Danielle Smith says she’s prepared to “tidy” up her first-ever bill as Alberta’s new premier, after the proposed legislation has been met with widespread criticism from Opposition MLAs and constitutional experts.
The Alberta Sovereignty Within a United Canada Act, if passed into law, would give Smith’s cabinet sweeping powers to not only decide what federal laws, programs, policies and initiatives infringe on Alberta’s jurisdiction, but also to order institutions in the province not to enforce them, and let the cabinet amend legislation passed in the legislature.
“People have raised some concerns,” Smith said in an interview with The West Block’s Mercedes Stephenson, aired Sunday.
“We’re taking a look at that. If we need to tidy a few things up, then we’ll do that.”
In the case that Smith’s cabinet determines that the federal government has stepped on Alberta’s jurisdiction, the bill would grant her cabinet wide-ranging powers — ones usually reserved for public emergencies — to address the concern.
Those powers include the ability to rewrite bills and direct provincial agencies, municipalities, school boards, health regions or municipal police forces to not enforce federal laws.
Before cabinet can deploy these extraordinary powers, the Alberta legislature would have to pass a special resolution spelling out the nature of the federal harm and the recommended remedies. This, Smith has said, would keep cabinet accountable.
However, the bill does not stipulate cabinet must follow the specific direction of the legislature. Instead, it says cabinet “should consider” using the remedies spelled out in the resolution.
When it comes to the extraordinary measures, the bill says cabinet is free to carry out whatever it deems “necessary or advisable” to meet the threat.
Smith signalled she will consider addressing this concern during her interview with Stephenson.
“It’s pretty understood that cabinet has the ability to do ministerial orders to make changes in regulations … to do directives, to make changes in policy,” she said.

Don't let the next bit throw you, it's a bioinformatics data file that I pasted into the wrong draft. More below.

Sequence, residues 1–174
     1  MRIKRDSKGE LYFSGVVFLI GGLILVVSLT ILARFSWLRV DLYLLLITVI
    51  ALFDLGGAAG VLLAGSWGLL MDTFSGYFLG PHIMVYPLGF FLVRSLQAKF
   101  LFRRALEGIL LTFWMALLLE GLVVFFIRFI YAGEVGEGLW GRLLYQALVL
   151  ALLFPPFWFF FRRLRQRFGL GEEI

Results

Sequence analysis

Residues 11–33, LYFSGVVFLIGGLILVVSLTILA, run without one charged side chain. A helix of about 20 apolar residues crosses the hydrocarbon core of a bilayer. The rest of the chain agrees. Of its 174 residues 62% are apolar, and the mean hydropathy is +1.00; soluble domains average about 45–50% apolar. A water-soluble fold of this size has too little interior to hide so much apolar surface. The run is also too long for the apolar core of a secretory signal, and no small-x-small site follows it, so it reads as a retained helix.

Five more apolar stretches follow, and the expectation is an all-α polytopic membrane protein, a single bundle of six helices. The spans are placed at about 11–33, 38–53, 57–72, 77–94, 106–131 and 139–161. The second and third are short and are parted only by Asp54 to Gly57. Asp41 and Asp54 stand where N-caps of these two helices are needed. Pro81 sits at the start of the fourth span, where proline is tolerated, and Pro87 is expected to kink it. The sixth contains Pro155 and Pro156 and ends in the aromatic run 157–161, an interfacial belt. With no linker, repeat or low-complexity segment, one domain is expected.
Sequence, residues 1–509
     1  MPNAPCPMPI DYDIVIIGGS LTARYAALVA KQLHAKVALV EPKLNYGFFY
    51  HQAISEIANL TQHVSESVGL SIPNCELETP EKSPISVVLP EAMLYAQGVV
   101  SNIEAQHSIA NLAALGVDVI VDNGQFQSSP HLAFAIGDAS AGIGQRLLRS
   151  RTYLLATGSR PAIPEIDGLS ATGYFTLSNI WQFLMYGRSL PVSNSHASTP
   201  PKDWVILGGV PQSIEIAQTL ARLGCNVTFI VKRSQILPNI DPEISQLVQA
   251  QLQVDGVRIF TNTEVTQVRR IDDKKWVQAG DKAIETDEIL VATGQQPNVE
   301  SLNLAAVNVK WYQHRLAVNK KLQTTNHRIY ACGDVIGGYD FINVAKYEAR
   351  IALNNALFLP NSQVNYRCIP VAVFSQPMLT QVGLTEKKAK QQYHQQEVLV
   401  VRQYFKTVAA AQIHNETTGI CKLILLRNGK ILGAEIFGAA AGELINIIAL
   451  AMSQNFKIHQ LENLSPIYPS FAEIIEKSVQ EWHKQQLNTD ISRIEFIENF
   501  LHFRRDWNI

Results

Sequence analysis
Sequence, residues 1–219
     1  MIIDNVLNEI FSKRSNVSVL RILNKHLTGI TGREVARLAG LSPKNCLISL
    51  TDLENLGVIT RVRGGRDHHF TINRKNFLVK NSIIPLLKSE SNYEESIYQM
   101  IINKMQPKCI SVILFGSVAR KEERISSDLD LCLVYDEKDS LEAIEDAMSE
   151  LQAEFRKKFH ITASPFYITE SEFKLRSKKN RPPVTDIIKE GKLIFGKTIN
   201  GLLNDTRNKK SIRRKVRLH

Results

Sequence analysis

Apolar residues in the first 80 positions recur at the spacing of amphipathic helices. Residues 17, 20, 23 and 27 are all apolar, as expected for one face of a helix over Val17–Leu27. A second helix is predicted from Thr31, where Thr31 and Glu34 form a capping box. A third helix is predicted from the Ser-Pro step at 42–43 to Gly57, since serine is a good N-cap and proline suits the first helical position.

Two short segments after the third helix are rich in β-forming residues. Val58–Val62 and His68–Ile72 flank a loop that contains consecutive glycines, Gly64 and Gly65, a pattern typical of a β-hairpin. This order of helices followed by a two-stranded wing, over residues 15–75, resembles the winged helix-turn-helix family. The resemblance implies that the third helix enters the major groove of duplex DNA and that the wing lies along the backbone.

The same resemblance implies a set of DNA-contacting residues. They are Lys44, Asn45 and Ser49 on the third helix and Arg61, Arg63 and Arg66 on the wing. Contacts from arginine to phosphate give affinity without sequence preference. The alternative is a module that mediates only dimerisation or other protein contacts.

“I think we just have to be very clear that any statutory change has to return to the legislature. That was always the intention. If that’s not clear, then I may have to just make some amendments to make sure that it’s underscored.”
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Martin Olszynski, an associate law professor at the University of Calgary, said Wednesday the most concerning part of the proposed bill is “that the premier would have us believe that to succeed in her fight with Ottawa, she needs to kneecap democratic accountability here in Alberta.”
Olszynski said the premier needs to properly explain to Albertans why giving cabinet and ministers this sort of power is justified.
“It seems to restrict the ways in which we might hold this government accountable, whether through the democratic process or through the courts,” he said.
“It’s not clear; no one has explained (it) to us. If this (is) as constitutional as the premier says it is and if it’s about fighting Ottawa, why does she need to shield her actions from the normal scrutiny that they should be subjected to by our courts and by our legislators?”
When pressed on expert concerns about the constitutionality of the proposed legislation, Smith told Stephenson she “can point to several who say it absolutely is constitutional.”
Her hope with this legislation, Smith explained, is to put the onus of the federal government to prove the constitutionality of its policies in court.
Smith said the bill, if enshrined into law, could be used to push back on environmental policies the federal government has already been pushing for, such as a price on carbon — a policy the Supreme Court of Canada ruled was constitutional last year — and newer regulations on fertilizers.
“We’ve been acting like a subordinate level of government to Ottawa. Just because Ottawa introduces something doesn’t mean they have a right to do that,” Smith said.
Alberta has “tried to be a constructive partner,” she added, “and it hasn’t worked.”
“So we’ve got to try something different, and that’s what the sovereignty act is all about,” Smith said.
“If Ottawa wants to have a constructive relationship with our province — and I want to have a constructive relationship with Ottawa — they have to stay in their own lane and they have to allow us the jurisdiction that we are entitled to, to make sure that we can make our own decisions.”
— with files from Global News’ Emily Mertz, The Canadian Press